Space-exploration proposals that President Bush is preparing to put into his next budget will not undermine his administration's goal of cutting the federal deficit in half within five years, Treasury Secretary John Snow said Sunday.
Snow said the new space proposals, which include a permanent settlement on the moon and setting a goal of sending Americans to Mars, will be undertaken "within a framework of fiscal responsibility."
Snow said the administration's budget, which will be sent to Congress on Feb. 2, will outline the new space proposals plus a plan that will accomplish the goal of cutting record budget deficits in half through a combination of stronger economic growth and spending restraint.
"We can do both. We really can," Snow said in an interview on ABC's "This Week." "This is a country of enormous resources, and we have the capacity to pursue a number of priorities at one time, but we have to do so within the framework of fiscal responsibility. I think you'll see that reflected in the budget."
Snow said that Bush was "not one to shy away from bold visions."
Snow's Cabinet colleague, Commerce Secretary Donald Evans, agreed that Bush's space ideas are audacious. But he rejected the suggestion that Americans might consider the plans' probable huge cost wasteful at a time with millions of people unemployed and the country facing other expensive needs on Earth.
"America has always needed a challenge of a big and bold idea," Evans said on CNN's "Late Edition."
"I can also tell you that this program will be within a responsible fiscal budget because the president knows, once again, the basic ingredients to growing an economy and creating more jobs are cutting taxes and controlling spending."
"Whatever the program is, however big it is," Evans said, "it will be within a responsible fiscal budget."
In previewing Bush's official announcement, coming this week, White House aides did not discuss costs of the project. Bush's father proposed during his presidency a more muted project, which would have aimed at putting Americans on Mars without mention of a moon base. The cost of that enterprise was projected at $400 billion to $500 billion in 1989 dollars, far too rich for Congress to consider.
Two members of the current Congress, both Democratic contenders to take Bush's job, said Sunday that the president's moon-Mars ideas appeared to be misplaced priorities.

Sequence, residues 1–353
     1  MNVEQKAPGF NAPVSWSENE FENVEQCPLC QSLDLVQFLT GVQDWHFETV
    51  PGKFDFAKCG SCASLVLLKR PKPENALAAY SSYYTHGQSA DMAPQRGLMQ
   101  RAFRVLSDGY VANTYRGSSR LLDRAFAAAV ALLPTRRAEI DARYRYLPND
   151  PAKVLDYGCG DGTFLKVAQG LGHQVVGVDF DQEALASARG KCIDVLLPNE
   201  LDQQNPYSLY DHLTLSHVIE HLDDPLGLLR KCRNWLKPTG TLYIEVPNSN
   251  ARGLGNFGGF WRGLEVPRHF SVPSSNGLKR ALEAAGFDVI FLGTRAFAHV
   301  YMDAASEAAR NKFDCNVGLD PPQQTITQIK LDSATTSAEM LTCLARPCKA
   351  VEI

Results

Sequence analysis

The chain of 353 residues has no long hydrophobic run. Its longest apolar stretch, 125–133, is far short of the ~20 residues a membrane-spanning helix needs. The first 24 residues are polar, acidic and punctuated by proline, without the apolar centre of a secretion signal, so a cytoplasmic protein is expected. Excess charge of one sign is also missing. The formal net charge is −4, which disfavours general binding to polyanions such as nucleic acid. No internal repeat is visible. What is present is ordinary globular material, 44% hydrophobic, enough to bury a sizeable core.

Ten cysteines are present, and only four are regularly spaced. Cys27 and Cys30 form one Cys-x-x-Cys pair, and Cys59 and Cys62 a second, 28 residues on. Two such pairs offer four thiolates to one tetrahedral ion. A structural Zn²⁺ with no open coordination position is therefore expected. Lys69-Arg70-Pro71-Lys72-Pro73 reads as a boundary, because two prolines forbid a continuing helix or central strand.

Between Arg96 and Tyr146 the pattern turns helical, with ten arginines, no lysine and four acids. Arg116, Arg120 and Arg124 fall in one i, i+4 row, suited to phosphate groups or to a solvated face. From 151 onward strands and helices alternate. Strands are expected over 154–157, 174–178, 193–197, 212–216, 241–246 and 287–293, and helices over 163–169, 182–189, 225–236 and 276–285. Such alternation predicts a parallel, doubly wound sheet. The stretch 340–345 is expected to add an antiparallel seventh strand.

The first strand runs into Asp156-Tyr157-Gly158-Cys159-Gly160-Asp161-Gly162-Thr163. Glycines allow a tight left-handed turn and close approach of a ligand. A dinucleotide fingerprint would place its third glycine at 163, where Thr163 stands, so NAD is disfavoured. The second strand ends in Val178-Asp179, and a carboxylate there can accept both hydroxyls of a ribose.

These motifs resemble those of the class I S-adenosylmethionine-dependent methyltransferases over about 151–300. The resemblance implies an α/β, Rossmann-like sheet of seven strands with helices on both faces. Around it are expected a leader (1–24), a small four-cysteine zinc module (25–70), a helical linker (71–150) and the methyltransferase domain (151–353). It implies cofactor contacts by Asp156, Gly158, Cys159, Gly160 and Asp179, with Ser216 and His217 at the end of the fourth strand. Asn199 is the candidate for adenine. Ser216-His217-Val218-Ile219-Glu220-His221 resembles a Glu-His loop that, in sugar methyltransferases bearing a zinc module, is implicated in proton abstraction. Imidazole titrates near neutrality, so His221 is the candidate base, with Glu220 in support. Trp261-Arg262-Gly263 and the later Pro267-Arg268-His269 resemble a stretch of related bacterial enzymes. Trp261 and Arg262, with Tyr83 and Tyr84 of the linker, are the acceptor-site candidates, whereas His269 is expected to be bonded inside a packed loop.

"I haven't looked at the numbers lately, but I don't know that we can go off on a new moon mission or Mars mission, if that's the suggestion, and just have the money to do something in addition to completing the space station," said Rep. Dick Gephardt, D-Mo., interviewed on CBS' "Face the Nation" from Des Moines, Iowa. "We're pretty far down the road on the space station, and we need to complete it and have the success from it that we need."
Sen. Joseph Lieberman, D-Conn., said as much as he admires the space program - President Kennedy's moon-shot program was an early attraction to politics - he would prefer to spend the money on an "American Center for Cures" to find cures for chronic diseases still bedeviling the world. "If we had that kind of money, ... frankly I think that's more important to the American people than that kind of space voyage at this point in our history," said Lieberman, speaking on "Late Edition from his campaign in New Hampshire.
On ABC, Snow said the administration remains confident that the economy is beginning to rebound at a strong enough rate to make a significant dent in the unemployment rate. Both Snow and Evans shrugged off a disappointing report Friday that showed only 1,000 jobs were created in December as the jobless rate dropped to 5.7 percent not from new hiring but from the decisions by hundreds of thousands of discouraged workers to leave the labor market.
Snow said while the administration was not satisfied with current job creation at present, it remained convinced that job growth would strengthen in coming months, reflecting the rebound in economic growth that started last summer.
"Everything we know about economics indicates that, as you get an economy into high gear, as you get a strong recovery under way, it does translate into jobs," Snow said. "I am very confident this recovery will translate into job creation."